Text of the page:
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Author Topic: College-age daughter stuck in a dark hole  (Read 145 times)
Fewer than 3 Posts
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What is your sexual orientation: Straight
Who in your life has "personality" issues: Child
Relationship status: Married
Posts: 1

« on: March 01, 2023, 12:03:23 PM »

Our daughter was diagnosed a few months ago, but we see now that she's had this since HS. She lives in an apartment by herself at school as she cannot keep a roommate. We looked for a facility near her that she could have DBT  however they all had very long waiting lists. She willingly went to residential facility over the holidays but insurance had her discharged after only 3 weeks. She went back to school and fell into a downward spiral. Her therapist dumped her for noncompliance with appts. She has started cutting again, rarely leaves her apartment, orders food to be delivered, is not going to class, threatens suicide, etc. etc. etc.  We have given her options on what she can do to help herself: 1) Enter residential treatment again at the one place that takes our insurance 2) Enter intensive outpatient DBT or 3) At least call her psychiatrist. Waiting to hear what she decides if at all. Feeling pretty stuck.
Our objective is to better understand the struggles our child faces and to learn the skills to improve our relationship and provide a supportive environment and also improve on our own emotional responses, attitudes and effectiveness as a family leaders
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Gender: Female
What is your sexual orientation: Straight
Who in your life has "personality" issues: Romantic partner’s ex
Posts: 2353

« Reply #1 on: March 02, 2023, 10:23:59 AM »

Hi Emory64, welcome to the group  Welcome new member (click to insert in post)

Glad we can be here for you and your family, as you all navigate your D's new diagnosis.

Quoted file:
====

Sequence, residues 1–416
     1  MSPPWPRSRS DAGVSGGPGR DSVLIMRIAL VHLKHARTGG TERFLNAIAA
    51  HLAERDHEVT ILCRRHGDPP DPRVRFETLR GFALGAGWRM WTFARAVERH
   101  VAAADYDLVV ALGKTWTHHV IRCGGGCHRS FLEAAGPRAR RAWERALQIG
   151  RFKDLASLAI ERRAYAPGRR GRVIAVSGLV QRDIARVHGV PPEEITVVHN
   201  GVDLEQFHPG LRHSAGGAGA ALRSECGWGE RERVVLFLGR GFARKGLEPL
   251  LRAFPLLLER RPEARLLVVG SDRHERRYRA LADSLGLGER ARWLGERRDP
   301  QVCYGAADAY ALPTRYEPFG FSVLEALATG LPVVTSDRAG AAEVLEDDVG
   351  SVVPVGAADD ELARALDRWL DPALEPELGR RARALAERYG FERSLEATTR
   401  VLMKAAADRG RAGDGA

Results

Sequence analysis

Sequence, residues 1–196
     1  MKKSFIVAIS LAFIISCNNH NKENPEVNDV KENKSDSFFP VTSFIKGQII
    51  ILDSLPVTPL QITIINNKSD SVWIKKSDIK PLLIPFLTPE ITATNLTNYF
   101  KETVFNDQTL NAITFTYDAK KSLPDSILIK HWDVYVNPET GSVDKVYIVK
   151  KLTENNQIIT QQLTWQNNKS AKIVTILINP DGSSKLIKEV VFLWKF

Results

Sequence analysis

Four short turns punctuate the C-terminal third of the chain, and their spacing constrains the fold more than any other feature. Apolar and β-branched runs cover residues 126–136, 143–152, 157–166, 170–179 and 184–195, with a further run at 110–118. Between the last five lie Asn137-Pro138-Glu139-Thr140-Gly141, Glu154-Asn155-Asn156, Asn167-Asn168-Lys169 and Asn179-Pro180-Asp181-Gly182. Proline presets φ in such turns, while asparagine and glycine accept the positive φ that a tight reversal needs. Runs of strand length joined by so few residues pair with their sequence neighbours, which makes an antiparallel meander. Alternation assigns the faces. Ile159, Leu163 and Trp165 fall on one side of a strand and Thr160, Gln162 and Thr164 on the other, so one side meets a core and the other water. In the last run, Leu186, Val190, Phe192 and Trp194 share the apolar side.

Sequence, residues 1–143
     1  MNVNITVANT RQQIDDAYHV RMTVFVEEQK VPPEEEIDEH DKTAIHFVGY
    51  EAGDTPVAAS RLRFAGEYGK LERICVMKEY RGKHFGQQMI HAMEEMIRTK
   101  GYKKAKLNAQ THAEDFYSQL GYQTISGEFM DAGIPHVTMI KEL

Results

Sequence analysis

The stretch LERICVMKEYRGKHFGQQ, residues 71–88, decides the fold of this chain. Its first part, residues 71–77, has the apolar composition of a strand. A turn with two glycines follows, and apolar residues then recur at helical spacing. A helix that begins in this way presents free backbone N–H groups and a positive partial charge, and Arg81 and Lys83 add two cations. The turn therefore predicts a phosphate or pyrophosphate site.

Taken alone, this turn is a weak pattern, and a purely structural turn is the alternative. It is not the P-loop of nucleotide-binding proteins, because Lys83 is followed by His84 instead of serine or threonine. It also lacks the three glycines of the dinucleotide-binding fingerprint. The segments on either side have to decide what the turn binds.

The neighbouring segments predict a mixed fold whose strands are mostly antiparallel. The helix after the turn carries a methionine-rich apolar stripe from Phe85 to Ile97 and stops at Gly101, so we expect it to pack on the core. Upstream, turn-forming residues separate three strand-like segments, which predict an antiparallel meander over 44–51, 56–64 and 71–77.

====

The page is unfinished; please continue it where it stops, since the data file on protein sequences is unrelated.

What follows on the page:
Is she accepting of the diagnosis?

How old is your D? Late teens to mid 20s can be challenging -- you're still responsible for insurance and covering a lot of costs, yet your child is "technically" an adult who can accept or refuse treatment, without your consent. So difficult.

It's hopeful to hear that she willingly went to residential -- am I tracking with you that the only reason she had to leave was insurance, and other than that, she would have stayed longer?

Another thought I'm having is that I remember being 18/19 and my parents told me I had to go back to an IOP (for an eating disorder). It never really crossed my mind that legally I could say No -- my perception was "if they told me I had to, then I had to" but I wasn't happy about it. What's the sense you get from your D -- has she cognitively processed that she could technically say No, or does she seem to be more the kind who would be unhappy about being "forced" to go, but would go?

Waiting to hear back from her sounds anxiety inducing. Any word yet -- is she engaging with any of those options?

Let us know how you all are doing, whenever works for you;


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What is your sexual orientation: Straight
Who in your life has "personality" issues: Parent
Posts: 1514

« Reply #2 on: March 19, 2023, 01:33:08 AM »

Welcome Emory64,

Sorry to hear about your daughters struggle, this must be difficult for you too. But so long as she knows you're there for her and is aware of all the places she can reach out to. If she liked the residential facility , are there similar places , charities etc...?  School can be difficult if someone gets sensory overload or struggles socially. Are there clubs with like minded people she can join ? Expert patient groups ? Art classes can be good for depression.


Some cause happiness wherever they go; others, whenever they go. Wilde.
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What is your sexual orientation: Straight
Who in your life has "personality" issues: Romantic partner
Relationship status: Married but Separated
Posts: 210

« Reply #3 on: March 19, 2023, 08:23:28 AM »

This may or may not help, but with our daughter we eventually learned that if we felt like she was a threat to herself or others, we dialed 9-1-1.  If she came out of a treatment facility and mentioned anything about being a threat to herself or others, we drove off the property and circled right back around to the ER.  Multiple therapists told us to do this.

As others have said, the late teens/early 20's is often the worst- it definitely was for our family.  And it does sound like your kid wants help, so that's a very good thing.  Talk to your doctors (primary care, etc.) and learn how to play the game with insurance, with facilities, with hospitals, etc.  Mental health care in the US is horrendous and it's not taken seriously, so you HAVE TO know the ins and outs.

One final thing.  We knew our daughter was "off" very early in life- by the time she was 8, I knew.  She was unofficially diagnosed at maybe 14, officially diagnosed at 18, and put us through a decade of complete hell (suicide attempts, running away, making bad decisions, making the worst possible friends, etc).  Yet at 24, my kid is mostly stable and living a productive life in a good relationship. So know that there is hope in time and part of that for your kid is just maturity and growing up.
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